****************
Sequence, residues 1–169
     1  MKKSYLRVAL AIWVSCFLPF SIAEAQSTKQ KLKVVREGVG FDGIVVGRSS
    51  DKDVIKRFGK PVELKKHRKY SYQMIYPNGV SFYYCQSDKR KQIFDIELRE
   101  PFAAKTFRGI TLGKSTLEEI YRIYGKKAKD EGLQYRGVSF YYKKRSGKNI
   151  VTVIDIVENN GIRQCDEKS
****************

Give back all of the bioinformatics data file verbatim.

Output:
Sequence, residues 1–169
     1  MKKSYLRVAL AIWVSCFLPF SIAEAQSTKQ KLKVVREGVG FDGIVVGRSS
    51  DKDVIKRFGK PVELKKHRKY SYQMIYPNGV SFYYCQSDKR KQIFDIELRE
   101  PFAAKTFRGI TLGKSTLEEI YRIYGKKAKD EGLQYRGVSF YYKKRSGKNI
   151  VTVIDIVENN GIRQCDEKS